The World of Chinese
‘Where are you from?” can be a dangerous question. From the crafty image of coastal southerners to northerners’ reputation as yokels, social interaction in China is rife with regional prejudice. The habit of stereotyping people by geography is called “地域黑” (dì tú hēi, regional slander) or more evocatively, “地图炮” (dì tú pào, map cannon).
Whether food or clothing, housing or traveling habits, no aspect of life is out of bounds for the bigot brigade. But rather than arguing or reasoning with their slanderers, some people have found 自黑 (zì hēi, self-slander) to be an effective and humorous weapon against bias.
Take South China’s Guangdong province, whose people are said to consume anything that moves, flies or swims.
This stereotype is neither true nor a compliment. But, rather than deny it, Cantonese people often add fuel to the fire by invoking another phrase －广东人吃福建人 (guǎng dōng rén chī fú jiàn rén, Cantonese people eat Fujianese people). This meme started during the 2017 Spring Festival season, when the following chat thread between a Fujianese man and his Cantonese friend went viral:
A: I heard that you Cantonese people ...
Tīng shuō nǐ men guǎng dōng rén……
B: Particularly love to eat Fujianese people.
Tè bié ài chī fú jiàn rén.
Other Cantonese jumped on the bandwagon.
People ask me what’s the most famous dish in Cantonese cuisine; I say, Fujianese people.
Yǒu rén wèn wǒ, yuè cài lǐ shén me zuì yǒu míng?wǒ shuō, fú jiàn rén.
Once, I went to Fujian and my mouth didn’t stop watering!
Wǒ yǒu yī cì qù le fú jiàn, zhēn shì rěn bú zhù liúkǒu shuǐ!
The edible Fujianese are themselves targets of geographic mockery, thanks to their accent. Influenced by local dialects, the stereotypical Fujian natives mix up their f’s and h’s when speaking Mandarin. The Fujianese take it in their stride, though, jokingly calling themselves “胡建人” (hú jiàn rén, Hujianese):
When we Hujianese laugh, we go “fafafa”.
Wǒ men hú jiàn rén xiào qǐ lái dōu shì”fāfāfā”de.
People from Dongbei (东北，dōng běi, Northeast China), shorthand for the provinces of Liaoning, Jilin and Heilongjiang, are considered uncouth barbarians. Their eating habits are deemed unhealthy — barbecue meat for every meal — and fashion sense restricted to furs and gold chains.
You may want to keep your mouth shut about all that, though, as a wrong remark or askance look could spark a fight with the reputedly violent Dongbei native. But one of the northeasterners’ traits is grudgingly admired by other Chinese: Their tolerance for alcohol.
You are from Dongbei, you must be good at drinking!
Nǐ shì dōng běi rén, kěn dìng hěn néng hē!
What should a poor Dongbei nondrinker do? Use another stereotype as a shield:
I don’t dare get drunk, or my wife will beat me to death.
Wǒ kě bù gǎn hē duō, yào bù rán wǒ lǎo po huì dǎ sǐ wǒ.
Similar views are directed at North China’s Inner Mongolia autonomous region, romanticized as a vast grassland populated by nomads. Residents sick of explaining their housing conditions (apartments), means of transportation (not horseback) and economy (quite modern) to outsiders would rather say:
I have lived in a yurt since I was a kid and never seen a building; I ride a horse to school every day, grazing dairy cows on the way; if I run out of money, I knit sweaters to sell.
Wǒ cóng xiǎo zhù měng gǔ bāo, méi jiàn guò lóu fáng; měi tiān shàng xué dōu shì qí mǎ qù, shùn biàn fàng yī xià nǎi niú; yào shi méi qián le, jiù zhī diǎnr yáng máo shān qù mài.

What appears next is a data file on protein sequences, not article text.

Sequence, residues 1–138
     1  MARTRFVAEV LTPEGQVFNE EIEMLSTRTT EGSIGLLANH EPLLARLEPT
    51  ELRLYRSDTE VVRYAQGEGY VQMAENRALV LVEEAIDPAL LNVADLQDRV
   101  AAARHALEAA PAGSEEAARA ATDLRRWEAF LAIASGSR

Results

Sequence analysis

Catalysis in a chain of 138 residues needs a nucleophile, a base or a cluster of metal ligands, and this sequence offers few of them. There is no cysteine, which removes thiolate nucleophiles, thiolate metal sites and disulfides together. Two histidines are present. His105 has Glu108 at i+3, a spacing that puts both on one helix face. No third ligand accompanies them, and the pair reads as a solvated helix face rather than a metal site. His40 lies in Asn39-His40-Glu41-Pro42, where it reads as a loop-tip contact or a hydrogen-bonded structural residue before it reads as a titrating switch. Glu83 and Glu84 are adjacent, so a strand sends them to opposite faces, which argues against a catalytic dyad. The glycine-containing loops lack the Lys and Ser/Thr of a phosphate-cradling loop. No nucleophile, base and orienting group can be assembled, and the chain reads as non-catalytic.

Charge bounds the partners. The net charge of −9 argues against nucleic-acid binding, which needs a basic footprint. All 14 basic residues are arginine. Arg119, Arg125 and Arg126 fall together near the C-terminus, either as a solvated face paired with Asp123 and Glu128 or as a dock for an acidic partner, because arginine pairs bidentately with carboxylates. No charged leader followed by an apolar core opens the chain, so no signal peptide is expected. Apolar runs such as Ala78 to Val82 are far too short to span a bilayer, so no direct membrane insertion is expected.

People in Northwest China’s Gansu province may sympathize; their province is typically imagined as a barren, lifeless desert. Their response?
That’s right. We bathe only once a year and our only means of transportation is the camel.
Méi cuò, wǒ men yī nián zhǐ xǐ yī cì zǎo, wéi yī de jiāo tōng gōng jù shì luò tuo.
Not far off, the northern province of Shanxi is one of the cradles of Chinese civilization. However, Shanxi is also known for its rich coal deposits, which has made the fortune of many a crooked “煤老板” (méi lǎo bǎn, mine boss).
Shanxi folks are often asked: “你家里有矿吗？” (Nǐjiā lǐ yǒu kuàng ma? Does your family own a coal mine?) Here’s an effective reply:
Too many! Even the wind in our backyard is black!
Nà kě tài duō le! Wǒ men jiā lián hòu yuàn de fēng dōu shì hēi de!
By contrast, Wenzhou in the eastern Zhejiang province is believed to be filled with wealthy entrepreneurs. Faced with accusing glares from those who cannot afford to buy a house, what’s a Wenzhou native to do? Why, humblebrag, of course:
We, the people of Wenzhou, have decided to take half the responsibility for the nation’s skyrocketing housing prices.
Wǒ men wēn zhōu rén jué dìng wèi quán guó fáng jià shàng zhǎng fù yī bàn zé rèn.
Still, arguably the most maligned province of China is none of the above: Step forward, Henan. The natives of the Central China province once had a reputation for being “honest, frank and rule-abiding”, at least according to an academic survey in the 1960s.
But within three decades, a series of scandals had badly damaged the populous province’s reputation. For some reason, the theft of manhole covers is associated with the Henanese, who might self-deprecatingly claim:
The manhole cover is our provincial currency. When we turn 18, we need to steal 18 covers or we aren’t considered adults.
Jǐng gài shì wǒ men de liú tōng huò bì. Wǒ men shíbā suì de shí hou děi tōu shí bā gè jǐng gài, yào bù rán bù suàn chéng nián.
It is in southwestern Yunnan, though, that out-of-towners might surreptitiously approach the locals about another “currency”:
Is it really easy to buy drugs in your hometown?
Zài nǐ men jiā nàr mǎi dú pǐn zhēn de hěn róng yì ma?
Of course, you can even order them for takeout!
Dāng rán, hái kě yǐ jiào wài mài ne!
It almost appears as if no province is without flaw, but at least all are as good or bad as each other.
Courtesy of The World of Chinese;